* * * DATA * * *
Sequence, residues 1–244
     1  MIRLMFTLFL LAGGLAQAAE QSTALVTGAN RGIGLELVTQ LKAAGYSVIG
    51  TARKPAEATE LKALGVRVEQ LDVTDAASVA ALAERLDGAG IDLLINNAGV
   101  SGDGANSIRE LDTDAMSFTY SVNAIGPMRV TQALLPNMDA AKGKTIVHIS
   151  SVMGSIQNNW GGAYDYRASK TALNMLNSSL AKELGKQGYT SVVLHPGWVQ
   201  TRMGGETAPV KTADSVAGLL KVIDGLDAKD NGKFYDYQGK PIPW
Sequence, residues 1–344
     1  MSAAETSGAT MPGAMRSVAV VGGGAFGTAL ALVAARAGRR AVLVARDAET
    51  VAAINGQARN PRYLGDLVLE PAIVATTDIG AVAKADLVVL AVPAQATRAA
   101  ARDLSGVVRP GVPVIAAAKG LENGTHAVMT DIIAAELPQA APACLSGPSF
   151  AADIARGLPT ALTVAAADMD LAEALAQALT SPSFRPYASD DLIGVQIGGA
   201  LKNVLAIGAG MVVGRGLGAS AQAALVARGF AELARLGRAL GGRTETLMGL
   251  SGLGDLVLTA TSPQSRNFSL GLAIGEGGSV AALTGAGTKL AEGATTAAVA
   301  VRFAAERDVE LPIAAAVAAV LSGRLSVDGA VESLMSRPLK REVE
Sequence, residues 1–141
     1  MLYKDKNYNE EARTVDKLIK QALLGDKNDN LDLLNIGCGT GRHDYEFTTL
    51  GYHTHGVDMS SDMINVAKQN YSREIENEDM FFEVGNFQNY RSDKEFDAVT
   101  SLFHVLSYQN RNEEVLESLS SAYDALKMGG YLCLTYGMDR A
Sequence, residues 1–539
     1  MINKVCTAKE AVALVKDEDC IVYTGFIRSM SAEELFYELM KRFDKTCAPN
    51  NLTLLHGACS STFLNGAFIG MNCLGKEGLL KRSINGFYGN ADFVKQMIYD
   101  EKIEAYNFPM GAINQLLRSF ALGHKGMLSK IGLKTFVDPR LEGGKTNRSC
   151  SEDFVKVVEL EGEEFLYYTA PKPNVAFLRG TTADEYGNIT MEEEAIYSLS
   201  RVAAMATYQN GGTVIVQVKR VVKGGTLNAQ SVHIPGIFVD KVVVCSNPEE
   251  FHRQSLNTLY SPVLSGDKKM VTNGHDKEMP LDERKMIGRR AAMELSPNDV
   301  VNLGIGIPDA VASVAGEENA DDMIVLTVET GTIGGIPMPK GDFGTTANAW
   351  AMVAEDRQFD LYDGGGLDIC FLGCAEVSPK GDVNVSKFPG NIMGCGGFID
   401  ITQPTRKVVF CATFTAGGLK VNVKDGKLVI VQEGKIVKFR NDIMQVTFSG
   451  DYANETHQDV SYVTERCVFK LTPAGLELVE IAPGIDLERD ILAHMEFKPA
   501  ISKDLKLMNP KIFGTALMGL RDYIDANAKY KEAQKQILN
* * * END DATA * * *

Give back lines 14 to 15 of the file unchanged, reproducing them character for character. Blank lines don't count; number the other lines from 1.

   301  VRFAAERDVE LPIAAAVAAV LSGRLSVDGA VESLMSRPLK REVE
Sequence, residues 1–141